I can name a few problems with this approach (mostly, what to do if javascript isn't available - by the way - some mobile devices report the screensize directly to the server via the user-agent header) but it might be an interesting approach.

15 Posted by Vasil Rangelov on 12 March 2007 | Permalink

It is times like this that I'm prowd to call myself an "XSLT fanatic". XSLT in conjuction with PHP can do EXACTLY what you're asking, and a lot more.

XSLT can contain parameters. Those parameters can be adjusted at runtime and based on the value passed, XSLT can change something from the output (the XHTML layout).

So, this makes the PHP code something like:
$xml = new DomDocument;
$xsl = new DomDocument;
$proc = new XsltProcessor();

$xml->load($xmlFile);//How exactly to get the XML file's URL is another story
$xsl->load($xsltFile);/* Add "if"s around this to select a different XSLT. */
$xsl = $proc->importStylesheet($xsl);

if ($mobile) {
$proc->setParameter(null, "device", "mobile");}

print $proc->transformToXML($xml);

The issue remaining is detection itself. How about detecting support for WML's MIME type? If that MIME type AND (X)HTML's are supported, do the above. If only WML, use another XSLT specifically for WML. If only (X)HTML is supported, use the desktop version without this paramter (or with a different value). After all, even modern mobile browsers support WML as far as I'm awared. I would write this negotiation in the code, but I'm almost out of space now.

16 Posted by Adnan Siddiqi on 15 March 2007 | Permalink

first we should decide tht whether we are talking about WAP/xHTML browsers or modern mobile browsers who can now run javascript and other complicated elements. There is Mobile IE and Opera so user agent might not be helpful.

In case of WAP browswers which are very restricted, there is a Server variable "$_SERVER["HTTP_X_WAP_PROFILE"]" which I used to detect a mobile based browser. The condition which I used was something like:

if($x_wap_profile=="" ||$x_wap_profile==null ){

//print "This is not a Mobil Device";
//print "This is a Mobil Device";

and this worked pretty fine for me.

17 Posted by Tourist on 15 March 2007 | Permalink

You can check for a browser as you said. HTTP_QUOTE_VARIABLES are our choice. Also we can make brutally - on the main page ask what surfer is using - mobile phone or desktop and then load information dependant on his choice

18 Posted by Sander on 16 March 2007 | Permalink

I agree with zcorpan. You're actually creating 2 different versions of the site. So why not use 2 different templates then?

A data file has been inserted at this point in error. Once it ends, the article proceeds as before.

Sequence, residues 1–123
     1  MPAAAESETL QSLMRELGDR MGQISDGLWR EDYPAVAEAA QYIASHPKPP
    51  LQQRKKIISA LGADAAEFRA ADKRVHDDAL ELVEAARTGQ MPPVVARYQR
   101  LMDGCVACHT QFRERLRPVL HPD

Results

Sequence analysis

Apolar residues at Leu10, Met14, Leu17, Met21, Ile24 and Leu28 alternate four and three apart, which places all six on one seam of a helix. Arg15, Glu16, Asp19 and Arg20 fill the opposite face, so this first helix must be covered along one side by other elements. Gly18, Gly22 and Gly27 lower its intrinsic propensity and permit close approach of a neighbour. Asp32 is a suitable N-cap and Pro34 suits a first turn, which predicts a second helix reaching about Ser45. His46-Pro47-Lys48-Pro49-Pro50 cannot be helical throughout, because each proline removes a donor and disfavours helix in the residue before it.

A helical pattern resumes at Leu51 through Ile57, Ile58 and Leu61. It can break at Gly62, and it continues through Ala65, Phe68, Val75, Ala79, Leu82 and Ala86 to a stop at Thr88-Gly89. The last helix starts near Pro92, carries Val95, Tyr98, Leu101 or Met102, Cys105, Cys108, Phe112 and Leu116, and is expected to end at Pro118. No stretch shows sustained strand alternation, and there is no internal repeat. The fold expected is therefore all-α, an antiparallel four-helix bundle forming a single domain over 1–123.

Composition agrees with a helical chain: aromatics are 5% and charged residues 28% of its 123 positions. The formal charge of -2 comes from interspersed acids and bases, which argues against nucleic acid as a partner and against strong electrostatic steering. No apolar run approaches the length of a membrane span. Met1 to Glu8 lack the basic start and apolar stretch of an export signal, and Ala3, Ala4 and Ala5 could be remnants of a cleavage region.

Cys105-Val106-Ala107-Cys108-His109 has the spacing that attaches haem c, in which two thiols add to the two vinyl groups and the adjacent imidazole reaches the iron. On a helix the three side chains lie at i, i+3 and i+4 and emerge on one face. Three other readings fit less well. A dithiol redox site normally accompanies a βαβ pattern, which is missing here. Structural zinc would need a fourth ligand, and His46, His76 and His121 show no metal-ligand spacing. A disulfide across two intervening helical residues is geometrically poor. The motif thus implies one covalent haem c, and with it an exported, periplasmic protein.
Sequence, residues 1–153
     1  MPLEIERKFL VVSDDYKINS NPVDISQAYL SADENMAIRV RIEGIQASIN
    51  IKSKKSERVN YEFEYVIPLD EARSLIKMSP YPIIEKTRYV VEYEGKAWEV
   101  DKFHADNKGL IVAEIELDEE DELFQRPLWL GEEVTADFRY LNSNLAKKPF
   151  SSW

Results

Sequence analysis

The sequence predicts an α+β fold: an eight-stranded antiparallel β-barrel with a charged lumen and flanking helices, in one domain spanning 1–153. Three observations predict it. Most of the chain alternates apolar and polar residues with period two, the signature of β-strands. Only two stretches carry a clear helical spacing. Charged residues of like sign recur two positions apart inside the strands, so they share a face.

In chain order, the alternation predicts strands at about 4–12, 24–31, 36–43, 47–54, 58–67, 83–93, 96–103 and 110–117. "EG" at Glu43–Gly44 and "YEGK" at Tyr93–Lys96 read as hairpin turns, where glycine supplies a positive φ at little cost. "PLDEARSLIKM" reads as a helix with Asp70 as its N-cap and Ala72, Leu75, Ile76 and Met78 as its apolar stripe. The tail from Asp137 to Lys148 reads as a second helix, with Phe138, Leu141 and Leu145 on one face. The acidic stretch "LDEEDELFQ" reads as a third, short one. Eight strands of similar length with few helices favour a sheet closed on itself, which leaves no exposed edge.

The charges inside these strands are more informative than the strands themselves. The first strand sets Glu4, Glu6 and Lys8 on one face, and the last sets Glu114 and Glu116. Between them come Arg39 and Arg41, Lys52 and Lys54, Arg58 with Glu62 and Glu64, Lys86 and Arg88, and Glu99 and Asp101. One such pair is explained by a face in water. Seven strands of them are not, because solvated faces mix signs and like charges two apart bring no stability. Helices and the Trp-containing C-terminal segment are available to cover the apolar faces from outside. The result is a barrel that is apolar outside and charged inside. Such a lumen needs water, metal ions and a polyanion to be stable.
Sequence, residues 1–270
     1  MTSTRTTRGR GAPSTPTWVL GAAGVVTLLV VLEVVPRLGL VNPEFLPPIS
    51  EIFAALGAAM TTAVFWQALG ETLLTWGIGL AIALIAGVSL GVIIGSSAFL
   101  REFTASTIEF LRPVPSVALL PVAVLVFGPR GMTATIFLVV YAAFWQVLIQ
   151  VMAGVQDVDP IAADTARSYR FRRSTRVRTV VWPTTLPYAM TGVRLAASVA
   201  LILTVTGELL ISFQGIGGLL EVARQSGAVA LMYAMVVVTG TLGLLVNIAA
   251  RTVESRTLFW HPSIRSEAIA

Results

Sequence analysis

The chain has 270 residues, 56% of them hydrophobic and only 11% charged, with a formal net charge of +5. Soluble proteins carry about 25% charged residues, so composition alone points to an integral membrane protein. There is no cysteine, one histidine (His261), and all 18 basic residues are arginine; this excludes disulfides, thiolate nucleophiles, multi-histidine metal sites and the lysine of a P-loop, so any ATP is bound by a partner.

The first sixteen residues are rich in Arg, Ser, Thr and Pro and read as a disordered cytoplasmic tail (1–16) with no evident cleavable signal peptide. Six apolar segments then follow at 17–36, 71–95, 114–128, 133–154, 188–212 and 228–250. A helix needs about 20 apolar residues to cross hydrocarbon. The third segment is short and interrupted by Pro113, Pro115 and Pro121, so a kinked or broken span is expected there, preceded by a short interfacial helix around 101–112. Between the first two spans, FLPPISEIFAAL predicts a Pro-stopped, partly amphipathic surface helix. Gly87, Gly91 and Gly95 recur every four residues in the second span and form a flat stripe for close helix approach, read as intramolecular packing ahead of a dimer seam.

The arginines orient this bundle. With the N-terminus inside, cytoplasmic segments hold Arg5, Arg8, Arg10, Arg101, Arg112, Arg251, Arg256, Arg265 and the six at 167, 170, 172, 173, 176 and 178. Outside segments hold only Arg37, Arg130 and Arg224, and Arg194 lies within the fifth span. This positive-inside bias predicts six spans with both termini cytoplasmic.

I guess that'll cost less time (and money) than the option you propose, because you can easily match the structure of your code with that of your layout (assuming your layout has a logical structure of course)

19 Posted by Stuey on 16 March 2007 | Permalink

You also need to make sure that you are not breaching any of google's TOS by serving different content or javascript redirects. I'm sure that they will however understand that it is for a mobile if you make it clear!

Alternatively why don't you use a .htaccess rewrite condition or redirect, based on the different types of mobile agents?


20 Posted by Justin Stockton on 17 March 2007 | Permalink

The WURFL project on SF ( should do exactly what you want to do. It is server based and allows you to conditionally control how your your site is presented based on what features a given phone supports. Its still a work in progress and support for new phones is user contributed so the list might not be 100% correct, but it should get you most of the way there.

- Justin

21 Posted by Andreas on 3 April 2007 | Permalink

I agree that using different templates sounds like an easier sollution than a lot of if/else.
Although i strongly believe all users should get exactly the same content (with different styles ofcourse).

Regarding mobile-detection, couldn't one simply import a media="handheld" style that sets #foo {background: red;} and then use JS to check whether #foo's background IS red or not?
If it is, it's a handheld, if not, it's not.
(I don't really like the additional html-element this would require in the markup, but since JS would be required for this to work one could add the div using JS aswell).

Do you think that could work, or am i just way too tired to think clearly?

22 Posted by James DP on 4 April 2007 | Permalink

If we're talking about pragmatically reducing the amount of data sent to mobile users, I'm with Justin re WURFL: With a reliable mobile browser detect you could "virtually page" the long page by simply splitting it server-side for mobile user agents and adding a link to the whole page or next part on the fly e.g. longPage.php?virtualPage=2 etc...

That way search engine spiders can spider the real page and the user can load bite-size chunks until they find the relevant bit.

Ideally it'd be nice if Google Mobile could be fed the "virtually paged" page so mobile searches went straight to the relevant "virtual page"...